If you sit on my lap today

A kiss a toy is the price you’ll pay

When you sit on my left knee

Don’t be stingy

Be prepared to pay.


If whenever you take

You give a little back

Then whoever you love

Will give a little love back

So give a little love

Get a little love back

Don’t you have a little love

That you want to get back


If you sit on his lap today

A kiss a toy is the price you’ll pay

When you sit on his left knee

Don’t be stingy

Be prepared to pay.


Now if you sit on my lap today

A kiss a toy is the price you’ll pay!


Creepy, eh? Roman Polanski probably sings this song in his sleep. The Burgermeister Meisterburger sees children playing with toys and orders his men to arrest Kris and his penguin as he is a danger to his ideal dystopian society. Kris skips town and gets captured by the Winter Warlock, who Kris teaches how to walk and be a decent person in my favourite musical number of the special

The Winter Warlock, known just as Winter now, gives Kris a magic snowball that allows him to see anyone he wants to judge them if they are bad or good. He sees Jessica wandering the forest. She delivers him letters from children requesting toys from him. This starts Kris’s night time smuggling of toys through chimneys to fill the kids’ stockings with toys. He continues to do this until The Burgermeister Meisterburger captures Kris in a sting operation. He then burns all the toys in town, in an act similar to book burnings throughout history suppressing revolutionary ideology. Jessica laments this through an acid trip (of a song).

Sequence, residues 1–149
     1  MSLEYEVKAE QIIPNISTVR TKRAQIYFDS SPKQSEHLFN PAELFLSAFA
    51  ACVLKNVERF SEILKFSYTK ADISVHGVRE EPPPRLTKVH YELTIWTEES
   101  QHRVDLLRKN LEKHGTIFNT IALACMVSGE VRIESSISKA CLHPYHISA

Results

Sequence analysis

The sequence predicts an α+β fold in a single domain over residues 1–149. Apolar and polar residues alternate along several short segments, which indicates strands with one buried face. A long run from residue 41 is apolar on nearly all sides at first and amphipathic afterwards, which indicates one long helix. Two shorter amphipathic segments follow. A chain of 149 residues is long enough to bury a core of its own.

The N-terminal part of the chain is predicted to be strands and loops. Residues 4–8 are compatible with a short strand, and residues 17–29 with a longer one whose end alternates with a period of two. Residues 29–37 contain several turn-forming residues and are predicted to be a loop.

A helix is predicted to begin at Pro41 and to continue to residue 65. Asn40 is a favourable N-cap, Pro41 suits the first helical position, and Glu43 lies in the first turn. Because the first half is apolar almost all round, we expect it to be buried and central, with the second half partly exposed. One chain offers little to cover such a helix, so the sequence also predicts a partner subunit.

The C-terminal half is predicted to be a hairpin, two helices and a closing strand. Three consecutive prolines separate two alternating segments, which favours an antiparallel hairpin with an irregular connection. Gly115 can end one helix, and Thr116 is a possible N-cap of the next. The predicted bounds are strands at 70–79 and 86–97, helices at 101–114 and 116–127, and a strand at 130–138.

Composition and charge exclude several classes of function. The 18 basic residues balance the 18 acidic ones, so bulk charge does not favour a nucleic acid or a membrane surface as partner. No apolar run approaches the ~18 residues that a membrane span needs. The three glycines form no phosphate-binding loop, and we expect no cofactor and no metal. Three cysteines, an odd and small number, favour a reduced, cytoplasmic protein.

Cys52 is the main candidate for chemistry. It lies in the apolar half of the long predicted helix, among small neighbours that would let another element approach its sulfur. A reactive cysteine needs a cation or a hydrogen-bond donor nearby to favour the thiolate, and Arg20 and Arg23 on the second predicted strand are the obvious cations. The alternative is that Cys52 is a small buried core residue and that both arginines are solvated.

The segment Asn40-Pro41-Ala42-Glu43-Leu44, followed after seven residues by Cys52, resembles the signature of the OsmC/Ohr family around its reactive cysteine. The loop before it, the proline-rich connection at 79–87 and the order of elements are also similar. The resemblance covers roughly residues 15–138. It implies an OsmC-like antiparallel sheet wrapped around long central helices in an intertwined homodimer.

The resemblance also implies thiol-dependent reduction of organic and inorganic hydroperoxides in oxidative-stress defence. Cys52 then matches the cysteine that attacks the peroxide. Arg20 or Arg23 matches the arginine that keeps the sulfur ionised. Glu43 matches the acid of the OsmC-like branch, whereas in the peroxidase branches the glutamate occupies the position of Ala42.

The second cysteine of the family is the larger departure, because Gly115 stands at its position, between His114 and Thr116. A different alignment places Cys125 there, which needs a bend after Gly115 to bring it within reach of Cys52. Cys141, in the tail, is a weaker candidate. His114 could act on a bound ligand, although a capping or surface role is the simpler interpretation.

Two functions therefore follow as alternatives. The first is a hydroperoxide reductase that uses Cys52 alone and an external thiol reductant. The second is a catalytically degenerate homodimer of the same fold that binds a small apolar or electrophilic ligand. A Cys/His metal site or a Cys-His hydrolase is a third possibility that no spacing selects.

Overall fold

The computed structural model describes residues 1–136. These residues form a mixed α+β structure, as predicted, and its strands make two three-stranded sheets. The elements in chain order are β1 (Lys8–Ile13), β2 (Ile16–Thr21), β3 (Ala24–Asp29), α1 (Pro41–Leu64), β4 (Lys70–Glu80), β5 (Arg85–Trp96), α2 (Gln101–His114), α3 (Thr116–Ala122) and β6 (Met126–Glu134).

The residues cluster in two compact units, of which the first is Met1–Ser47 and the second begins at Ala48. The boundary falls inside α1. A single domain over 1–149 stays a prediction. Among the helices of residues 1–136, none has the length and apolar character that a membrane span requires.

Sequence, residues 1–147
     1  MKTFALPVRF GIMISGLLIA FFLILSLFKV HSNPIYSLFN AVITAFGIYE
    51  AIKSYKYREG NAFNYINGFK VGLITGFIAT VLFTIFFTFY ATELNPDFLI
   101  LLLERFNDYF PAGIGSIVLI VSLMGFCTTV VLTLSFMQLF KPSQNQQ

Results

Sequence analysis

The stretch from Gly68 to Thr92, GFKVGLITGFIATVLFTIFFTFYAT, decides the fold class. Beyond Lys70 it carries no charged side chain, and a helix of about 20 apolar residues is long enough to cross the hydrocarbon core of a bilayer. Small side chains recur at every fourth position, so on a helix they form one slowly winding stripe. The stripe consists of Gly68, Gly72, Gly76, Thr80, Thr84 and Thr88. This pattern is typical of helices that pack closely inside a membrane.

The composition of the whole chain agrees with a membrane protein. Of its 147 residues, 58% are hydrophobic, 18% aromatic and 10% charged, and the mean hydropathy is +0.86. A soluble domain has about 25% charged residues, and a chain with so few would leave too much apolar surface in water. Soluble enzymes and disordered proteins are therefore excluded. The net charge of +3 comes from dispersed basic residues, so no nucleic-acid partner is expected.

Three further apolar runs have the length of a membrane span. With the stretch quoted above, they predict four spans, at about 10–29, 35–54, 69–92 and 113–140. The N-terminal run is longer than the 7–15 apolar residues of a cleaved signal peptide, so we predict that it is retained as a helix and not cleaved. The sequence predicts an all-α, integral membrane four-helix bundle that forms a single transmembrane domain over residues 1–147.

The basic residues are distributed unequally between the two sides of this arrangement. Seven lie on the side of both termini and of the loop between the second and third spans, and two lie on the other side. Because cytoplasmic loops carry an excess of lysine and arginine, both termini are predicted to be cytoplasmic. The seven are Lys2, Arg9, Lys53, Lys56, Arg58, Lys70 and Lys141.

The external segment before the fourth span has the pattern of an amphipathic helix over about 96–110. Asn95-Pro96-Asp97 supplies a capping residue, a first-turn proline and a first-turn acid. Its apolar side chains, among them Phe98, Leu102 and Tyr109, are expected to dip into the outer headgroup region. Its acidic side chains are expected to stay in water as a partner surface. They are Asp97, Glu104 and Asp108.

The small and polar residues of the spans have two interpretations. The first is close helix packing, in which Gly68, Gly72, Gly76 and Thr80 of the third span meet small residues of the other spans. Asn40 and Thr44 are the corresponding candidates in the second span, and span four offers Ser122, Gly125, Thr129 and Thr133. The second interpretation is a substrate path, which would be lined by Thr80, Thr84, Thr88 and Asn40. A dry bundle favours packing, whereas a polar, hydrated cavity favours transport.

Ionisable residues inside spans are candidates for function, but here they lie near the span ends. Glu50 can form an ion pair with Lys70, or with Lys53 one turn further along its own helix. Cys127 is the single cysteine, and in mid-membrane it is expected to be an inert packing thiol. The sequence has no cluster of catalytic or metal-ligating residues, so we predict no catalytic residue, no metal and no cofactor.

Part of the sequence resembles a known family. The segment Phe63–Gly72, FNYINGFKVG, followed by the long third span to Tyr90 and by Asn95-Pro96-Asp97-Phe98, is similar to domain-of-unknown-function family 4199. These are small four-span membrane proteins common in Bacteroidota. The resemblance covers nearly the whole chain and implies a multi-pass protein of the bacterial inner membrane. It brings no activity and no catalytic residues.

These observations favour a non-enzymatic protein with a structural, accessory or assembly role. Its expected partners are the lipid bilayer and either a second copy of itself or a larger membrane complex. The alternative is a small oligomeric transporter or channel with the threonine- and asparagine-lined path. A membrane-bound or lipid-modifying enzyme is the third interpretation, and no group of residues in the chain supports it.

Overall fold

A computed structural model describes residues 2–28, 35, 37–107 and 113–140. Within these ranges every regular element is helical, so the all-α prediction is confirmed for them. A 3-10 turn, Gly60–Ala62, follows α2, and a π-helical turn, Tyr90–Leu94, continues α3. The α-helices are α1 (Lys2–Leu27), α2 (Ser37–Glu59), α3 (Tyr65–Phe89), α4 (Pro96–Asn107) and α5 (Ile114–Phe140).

Winter gives Kris magic corn that allows reindeer to fly (paving the way to reindeer games and bullying) allowing him to escape. The rest of the special books it. Kris grows his beard, changes his name to Claus to avoid persecution by The Burgermeister Meisterburger, marries Jessica, gets fat and decides to only deliver toys once a year. The Meisterburger dynasty dies off over time, giving the people peace and granting Kris his freedom.

The postman shows a montage of people hating on Christmas. Ebenezer Scrooge, retail workers, and cynics are shown to be the only ones to dislike Santa Claus. The postman calls these people misguided and acknowledges that there is unhappiness in the world. However, he and myself, both see Christmas as a time for people to set aside the problems of the world for one day and celebrate joy and life. He believes that if we were all to be like Santa Claus and took his morals to heart, there would be peace on Earth.  Now that is a Christmas lesson I can agree with and apply to my everyday life.